South Sudan

Fresh UN Report Exposes Mass Murders In Bentui, Bor

Devastating aftermath of the April 2014, attack in Bentui

President Yoweri Museveni has vowed not to tolerate any corruption cases in the looming Standard Gauge Railway (SGR) Project.

The president told a committee of parliament that the country had no luxury of waiting for protracted investigations into the project and that other regional partners would not keep waiting for Uganda.

“We have the human capacity to work on the railway project. We need technical collaboration to implement it. Uganda has Engineers from the Engineering Brigade, information pills who are available to roll out the railway project. We need this railway running from Kenya through Uganda to South Sudan and to Rwanda, ” he said.

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He was meeting with a delegation of the Special Parliamentary Committee on the Standard Gauge Railway, at State House in Entebbe.

The committee was set up in November last year by Speaker of Parliament Hon Rebecca Kadaga, to investigate issues surrounding the procurement process of the Standard Gauge Railway (SGR).

This followed a motion in parliament calling for a Select Committee to investigate, among others, the actions of the Minister of State for Works and all other officials involved in the procurement of all companies involved in the project.

MPs argue the project’s cost was recently raised from $8bn to $11bn under mysterious circumstances and that the procurement process leading to the awarding of the contract to Chinese firm China Harbour Engineering Company (CHEC) was done in secrecy after edging out China Civil Engineering Construction Corporation (CCECC).

The President Museveni used the Thursday meeting to expound on a number of issues pertaining to the progress of the project.

He said the China Harbours and Engineering Company had secured the railway project contract which would be implemented at a width of 1.435 meters.

Museveni added that Government had done research in railway construction and made comparisons with other countries before deciding on the way forward.

He observed that Uganda has got similar land terrain to a number of countries such as India, Brazil, Indonesia, and Malaysia and that data acquired from such places can be used to gauge accuracy of construction costs.

He revealed that divulgence of any information pertaining to allegations of corruption during the procurement process would not be let out until the prosecution process by the Inspector General of Government (IGG) is completed.

He said that he had revealed information to the members of the Special Parliamentary Committee on the Standard Gauge Railway so that it would be used appropriately.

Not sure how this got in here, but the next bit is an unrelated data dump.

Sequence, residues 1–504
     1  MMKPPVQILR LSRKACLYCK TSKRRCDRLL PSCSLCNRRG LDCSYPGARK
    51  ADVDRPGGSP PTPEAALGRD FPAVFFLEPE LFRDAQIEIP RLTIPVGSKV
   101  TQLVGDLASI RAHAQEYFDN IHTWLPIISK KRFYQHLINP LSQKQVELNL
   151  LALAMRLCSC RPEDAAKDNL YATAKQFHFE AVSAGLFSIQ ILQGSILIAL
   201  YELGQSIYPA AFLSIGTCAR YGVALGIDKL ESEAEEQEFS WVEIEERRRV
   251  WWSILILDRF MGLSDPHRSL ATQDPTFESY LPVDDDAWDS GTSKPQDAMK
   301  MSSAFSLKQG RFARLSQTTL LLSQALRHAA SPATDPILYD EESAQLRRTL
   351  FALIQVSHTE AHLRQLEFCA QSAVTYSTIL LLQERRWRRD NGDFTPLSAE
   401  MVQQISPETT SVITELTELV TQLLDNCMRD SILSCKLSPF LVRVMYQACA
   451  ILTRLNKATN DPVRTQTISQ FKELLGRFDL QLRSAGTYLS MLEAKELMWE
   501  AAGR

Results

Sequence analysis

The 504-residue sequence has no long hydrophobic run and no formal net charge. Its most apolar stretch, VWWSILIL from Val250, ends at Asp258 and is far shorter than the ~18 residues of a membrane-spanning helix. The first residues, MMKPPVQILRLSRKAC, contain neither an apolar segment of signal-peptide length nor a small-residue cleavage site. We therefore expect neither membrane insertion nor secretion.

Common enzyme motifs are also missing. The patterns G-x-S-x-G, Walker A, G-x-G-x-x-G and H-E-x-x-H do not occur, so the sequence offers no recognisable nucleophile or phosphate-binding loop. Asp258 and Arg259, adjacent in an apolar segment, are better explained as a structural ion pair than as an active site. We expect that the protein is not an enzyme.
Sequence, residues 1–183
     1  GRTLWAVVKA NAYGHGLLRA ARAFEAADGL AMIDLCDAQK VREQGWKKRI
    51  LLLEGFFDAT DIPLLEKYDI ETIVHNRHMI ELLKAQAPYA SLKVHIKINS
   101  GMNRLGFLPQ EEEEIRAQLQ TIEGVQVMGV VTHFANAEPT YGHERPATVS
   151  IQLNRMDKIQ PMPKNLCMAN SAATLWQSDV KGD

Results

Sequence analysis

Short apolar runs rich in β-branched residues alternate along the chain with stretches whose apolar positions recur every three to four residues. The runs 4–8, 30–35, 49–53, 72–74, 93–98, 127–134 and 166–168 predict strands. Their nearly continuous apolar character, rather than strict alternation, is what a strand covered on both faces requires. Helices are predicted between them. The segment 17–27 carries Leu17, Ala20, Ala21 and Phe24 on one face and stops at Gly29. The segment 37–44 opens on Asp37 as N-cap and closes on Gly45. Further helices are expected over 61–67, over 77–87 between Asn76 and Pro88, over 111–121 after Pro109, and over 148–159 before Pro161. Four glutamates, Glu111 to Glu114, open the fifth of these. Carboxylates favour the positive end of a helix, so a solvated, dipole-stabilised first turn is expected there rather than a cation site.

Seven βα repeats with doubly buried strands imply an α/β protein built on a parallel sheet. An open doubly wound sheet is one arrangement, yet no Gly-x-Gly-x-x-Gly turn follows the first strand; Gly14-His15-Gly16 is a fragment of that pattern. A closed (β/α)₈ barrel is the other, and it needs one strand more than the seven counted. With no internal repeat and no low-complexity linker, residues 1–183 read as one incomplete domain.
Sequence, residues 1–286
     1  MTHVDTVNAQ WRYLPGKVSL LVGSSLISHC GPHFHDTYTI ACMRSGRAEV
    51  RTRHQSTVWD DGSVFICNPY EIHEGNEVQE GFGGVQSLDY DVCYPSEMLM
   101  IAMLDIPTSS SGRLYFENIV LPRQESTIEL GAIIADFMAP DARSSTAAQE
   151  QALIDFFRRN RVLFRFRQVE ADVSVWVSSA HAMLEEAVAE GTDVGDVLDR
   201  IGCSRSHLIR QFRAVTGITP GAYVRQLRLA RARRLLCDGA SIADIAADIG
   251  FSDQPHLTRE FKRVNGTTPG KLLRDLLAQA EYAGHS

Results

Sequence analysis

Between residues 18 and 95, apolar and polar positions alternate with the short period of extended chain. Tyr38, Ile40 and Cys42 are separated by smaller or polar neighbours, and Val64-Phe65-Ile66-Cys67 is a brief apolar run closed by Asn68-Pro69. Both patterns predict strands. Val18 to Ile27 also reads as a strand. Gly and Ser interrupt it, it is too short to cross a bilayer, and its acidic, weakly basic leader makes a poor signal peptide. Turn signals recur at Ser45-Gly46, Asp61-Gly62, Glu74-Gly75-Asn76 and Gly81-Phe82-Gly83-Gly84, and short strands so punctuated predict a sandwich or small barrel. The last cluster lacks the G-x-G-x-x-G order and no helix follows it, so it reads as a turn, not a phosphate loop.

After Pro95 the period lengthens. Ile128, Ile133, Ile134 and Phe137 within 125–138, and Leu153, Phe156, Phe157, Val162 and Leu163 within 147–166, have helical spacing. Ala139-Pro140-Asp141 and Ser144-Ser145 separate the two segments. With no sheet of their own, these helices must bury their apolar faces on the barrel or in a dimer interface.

The Human Rights Division of the United Nations Mission in South Sudan (UNMISS) on Friday issued a report saying there are reasonable grounds to believe that at least 353 civilians were murdered and another 250 wounded in attacks in the capitals of Unity state and Jonglei state between 15 April and 17 April last year.

The body said having collected and analyzed physical evidence and interviewed 142 sources, page the report found that the attacks in the towns of Bentiu and Bor involved the deliberate targeting of victims on the basis of their ethnicity, medications nationality or perceived support for one of the parties to the conflict, a press statement from the Mission said.

“In both Bentiu and Bor, attacks took place against protected objects – a hospital, a mosque, and a United Nations base – which may amount to war crimes,” said the report.

“Although the conflict has been marked throughout by gross abuses and violations of human rights and serious violations of international humanitarian law, these two events seemed to represent the nadir of the conflict.”

The worst attack in Bentiu, the capital of oil richest Unity State took place after opposition forces retook control of the town from Government troops.

The report says that at least 287 civilians – mainly Sudanese traders and their families who were targeted on the basis of their Darfuri origins – were killed at a mosque before a further 19 civilians were killed at the Bentiu Civil Hospital.

Two days later, an UNMISS civilian protection site outside the Jonglei state capital of Bor was attacked by a mob of armed men demanding the expulsion of all youths of Nuer ethnicity.

After forcibly entering the protection site, the mob went on a rampage of killing, looting and abductions of internally displaced persons (IDPs), killing at least 47 people whose names appear in report.

“UNMISS strongly condemns the continued killing and displacement of civilians on the basis of their ethnic identity nearly nine months after the events of April 2014,” said Ellen Margrethe Løj, the Special Representative of the UN Secretary-General for South Sudan.

“This risks an even greater polarization of the country along ethnic lines with potentially serious repercussions for the state of human rights and the prospects for reconciliation.”

Nearly nine months after the attacks took place, no perpetrator has been held accountable by either the Government of the Republic of South Sudan or the Sudan People’s Liberation Movement/Army In Opposition, and the report says that few accountability measures have been taken in response to the incidents.

The Spokesperson for the UN High Commissioner for Human Rights referred to the UNMISS report during a briefing in Geneva today, adding his voice to those concerned by the response to the attacks.

“Accountability is a big issue. There has been no accountability for the mass atrocities, human rights violations and abuses that have caused the death of tens of thousands of people in South Sudan,” said Robert Colville.



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